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BACKGROUND - Laparoscopic adrenalectomy for small pheochromocytomas, although challenging, is widely accepted. However, its application to pheochromocytomas larger than 6 cm is questioned due to concerns of malignancy and case complexity. Our aim was to examine the impact of pheochromocytoma tumor size (>/=6 cm vs <6 cm) on operative approach and postoperative patient outcomes.
METHODS - A retrospective review of adrenalectomies performed at 3 university hospitals over 1 decade was analyzed. All pheochromocytomas were identified and then divided based on size into large (>/=6 cm) and small (<6 cm) groups. We examined patient and tumor demographics, pathologic diagnosis, operative approach (laparoscopic vs open), postoperative complications, and biochemical cure rates. Data were analyzed using the Student t test and Fisher exact test with a P value <.05 considered significant.
RESULTS - From 1995 to 2005, 65 pheochromocytomas were resected. Of the total, 38% (n = 25) tumors were >/=6 cm and 62% (n = 40) were <6 cm. For the large tumors, 1 out of 25 (4%) was malignant, whereas no small tumors were malignant. There was no statistically significant increased risk of malignancy in tumors >/=6 cm in size (P = .31). Initial operative approach was based on surgeon preference. Of the adrenalectomies performed, 88% were laparoscopic, with 3 of 25 (12%) large tumors requiring conversion from laparoscopic to open for intraoperative bleeding. None of the small tumors required conversion. No major postoperative complications (eg, stroke or myocardial infarction) occurred in either group. Minor complications (eg, wound infections and hematomas) were noted in 16% of large tumors and 12.5% of small tumors (P = .45). A total of 96% (24 of 25) patients with large tumors and 100% with small tumors showed postoperative biochemical cure. Tumor recurrence was noted in 1 patient with a tumor <6 cm.
CONCLUSIONS - Pheochromocytomas >/=6 cm pose a challenge for laparoscopic resection, and concerns have been raised about the validity of this operative approach. This study demonstrates that there is no significant difference in the rate of malignancy for pheochromocytomas >/=6 cm versus <6 cm. There also were no significant differences identified in complication rates, postoperative biochemical cures, or tumor recurrence rates between these groups. Laparoscopic resection of pheochromocytomas can be safely accomplished regardless of size in centers with surgeons experienced in these procedures.
Germline NF1, c-RET, SDH, and VHL mutations cause familial pheochromocytoma. Pheochromocytomas derive from sympathetic neuronal precursor cells. Many of these cells undergo c-Jun-dependent apoptosis during normal development as NGF becomes limiting. NF1 encodes a GAP for the NGF receptor TrkA, and NF1 mutations promote survival after NGF withdrawal. We found that pheochromocytoma-associated c-RET and VHL mutations lead to increased JunB, which blunts neuronal apoptosis after NGF withdrawal. We also found that the prolyl hydroxylase EglN3 acts downstream of c-Jun and is specifically required among the three EglN family members for apoptosis in this setting. Moreover, EglN3 proapoptotic activity requires SDH activity because EglN3 is feedback inhibited by succinate. These studies suggest that failure of developmental apoptosis plays a role in pheochromocytoma pathogenesis.
OBJECTIVE - To analyze the presentation, localization, surgical management, pathology, and long-term outcome of a large series of patients with pheochromocytomas.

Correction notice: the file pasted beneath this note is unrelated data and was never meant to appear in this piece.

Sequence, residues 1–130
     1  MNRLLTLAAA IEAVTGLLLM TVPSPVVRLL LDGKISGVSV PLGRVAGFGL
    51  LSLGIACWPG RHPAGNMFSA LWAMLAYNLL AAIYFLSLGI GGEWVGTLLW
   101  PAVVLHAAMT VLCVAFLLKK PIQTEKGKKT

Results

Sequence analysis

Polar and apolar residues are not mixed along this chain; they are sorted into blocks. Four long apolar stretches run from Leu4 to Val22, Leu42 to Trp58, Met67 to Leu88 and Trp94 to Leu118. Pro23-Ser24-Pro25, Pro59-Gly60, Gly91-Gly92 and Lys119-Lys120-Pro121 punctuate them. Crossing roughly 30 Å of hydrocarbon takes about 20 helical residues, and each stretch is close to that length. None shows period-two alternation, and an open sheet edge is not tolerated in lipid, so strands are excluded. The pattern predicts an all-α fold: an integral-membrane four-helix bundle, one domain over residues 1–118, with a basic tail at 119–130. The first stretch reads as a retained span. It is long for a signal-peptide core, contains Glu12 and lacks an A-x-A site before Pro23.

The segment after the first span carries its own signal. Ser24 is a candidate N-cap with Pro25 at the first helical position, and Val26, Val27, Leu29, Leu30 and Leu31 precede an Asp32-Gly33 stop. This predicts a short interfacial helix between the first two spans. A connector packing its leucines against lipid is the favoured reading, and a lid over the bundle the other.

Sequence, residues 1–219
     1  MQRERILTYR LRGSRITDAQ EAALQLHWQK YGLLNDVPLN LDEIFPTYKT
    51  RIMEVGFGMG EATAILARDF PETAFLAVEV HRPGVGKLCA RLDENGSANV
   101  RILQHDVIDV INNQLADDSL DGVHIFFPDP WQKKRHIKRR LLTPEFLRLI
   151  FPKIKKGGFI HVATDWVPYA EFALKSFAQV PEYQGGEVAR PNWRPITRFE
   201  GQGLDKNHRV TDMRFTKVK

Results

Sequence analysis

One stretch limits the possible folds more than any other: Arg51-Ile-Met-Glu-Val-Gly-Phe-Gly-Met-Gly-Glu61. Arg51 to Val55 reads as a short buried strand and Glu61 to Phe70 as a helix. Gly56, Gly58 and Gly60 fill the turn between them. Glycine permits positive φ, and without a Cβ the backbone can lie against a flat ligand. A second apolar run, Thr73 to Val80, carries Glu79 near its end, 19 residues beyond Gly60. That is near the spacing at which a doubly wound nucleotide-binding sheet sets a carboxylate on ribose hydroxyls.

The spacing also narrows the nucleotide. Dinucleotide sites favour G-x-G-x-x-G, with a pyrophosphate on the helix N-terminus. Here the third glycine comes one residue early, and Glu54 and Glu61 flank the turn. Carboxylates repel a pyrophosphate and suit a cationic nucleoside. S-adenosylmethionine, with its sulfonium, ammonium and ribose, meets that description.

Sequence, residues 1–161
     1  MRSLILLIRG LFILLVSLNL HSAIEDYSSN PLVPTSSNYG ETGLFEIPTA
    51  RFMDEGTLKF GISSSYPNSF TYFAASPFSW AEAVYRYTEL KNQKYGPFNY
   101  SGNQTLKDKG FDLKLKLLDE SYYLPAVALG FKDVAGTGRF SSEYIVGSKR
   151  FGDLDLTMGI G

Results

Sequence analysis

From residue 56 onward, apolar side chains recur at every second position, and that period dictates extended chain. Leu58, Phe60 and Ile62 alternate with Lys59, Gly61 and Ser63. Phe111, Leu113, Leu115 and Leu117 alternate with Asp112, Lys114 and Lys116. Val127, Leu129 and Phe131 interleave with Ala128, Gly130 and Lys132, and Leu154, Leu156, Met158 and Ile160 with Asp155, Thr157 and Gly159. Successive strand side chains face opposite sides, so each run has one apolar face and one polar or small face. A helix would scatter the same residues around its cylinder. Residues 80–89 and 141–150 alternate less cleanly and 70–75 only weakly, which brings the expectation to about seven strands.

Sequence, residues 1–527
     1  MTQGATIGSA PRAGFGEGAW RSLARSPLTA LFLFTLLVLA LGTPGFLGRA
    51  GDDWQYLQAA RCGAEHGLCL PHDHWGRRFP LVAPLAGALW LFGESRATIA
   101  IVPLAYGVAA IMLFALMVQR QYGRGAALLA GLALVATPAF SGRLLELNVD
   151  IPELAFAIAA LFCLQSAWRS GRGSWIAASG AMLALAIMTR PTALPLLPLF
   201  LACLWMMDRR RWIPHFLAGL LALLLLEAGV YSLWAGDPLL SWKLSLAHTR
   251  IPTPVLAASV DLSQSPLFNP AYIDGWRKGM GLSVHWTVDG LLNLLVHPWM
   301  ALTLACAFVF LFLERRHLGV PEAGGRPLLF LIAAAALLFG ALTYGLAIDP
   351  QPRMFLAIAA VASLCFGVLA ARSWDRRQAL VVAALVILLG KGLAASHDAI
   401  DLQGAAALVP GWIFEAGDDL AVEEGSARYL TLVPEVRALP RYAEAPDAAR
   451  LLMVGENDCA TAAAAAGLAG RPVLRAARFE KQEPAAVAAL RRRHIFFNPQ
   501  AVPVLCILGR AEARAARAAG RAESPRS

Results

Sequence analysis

SUMMARY BACKGROUND DATA - There are several areas of controversy pertaining to pheochromocytomas. Although many studies report a higher rate of malignancy for extraadrenal pheochromocytomas than for adrenal pheochromocytomas, the number of patients with the former tumor are small and statistical analysis is lacking. There has also been recent debate as to whether microscopic features of the tumor may be predictive of future behavior.
METHODS - From 1950 to 1998, the authors observed 108 pheochromocytomas in 104 patients. The outcome of these patients has been followed prospectively. The medical records of these patients were reviewed for data on the presentation, localization, surgical management, pathology, and outcome. Patient survival was analyzed using Kaplan-Meier survival distributions.
RESULTS - This study included 66 female patients and 38 male patients. The average age at surgery was 42.3 years. Sporadic cases accounted for 84% of the patients; the other 16% had multiple endocrine neoplasia type 2, von Recklinghausen's disease, von Hippel-Lindau disease, or Carney's syndrome. Of 64 adrenal tumors, 55 were initially considered benign, 6 had microscopic malignant features, and 3 had malignant disease. Mean patient follow-up was 12.6 years. To date, in five additional patients (none with microscopic disease) malignant disease developed (13% overall rate of malignancy). Recurrence occurred as late as 15 years after resection. Of 26 extraadrenal pheochromocytomas, 14 were initially considered benign, 8 had microscopic malignant features, and 4 had malignant disease. Thus, 46% of patients had either malignant disease or tumors with malignant features. Mean patient follow-up was 11.5 years. In one patient with benign disease and in one patient with malignant features, malignant disease developed (23% overall rate of malignancy). The difference in the rate of malignancy was not statistically significant between adrenal and extraadrenal pheochromocytomas. Patients with adrenal and extraadrenal pheochromocytomas also had similar rates of survival (p = NS).
CONCLUSIONS - The data suggest that patients with extraadrenal pheochromocytomas have the same risk of malignancy and the same overall survival as patients with adrenal pheochromocytomas. Lifelong follow-up of these patients is mandatory.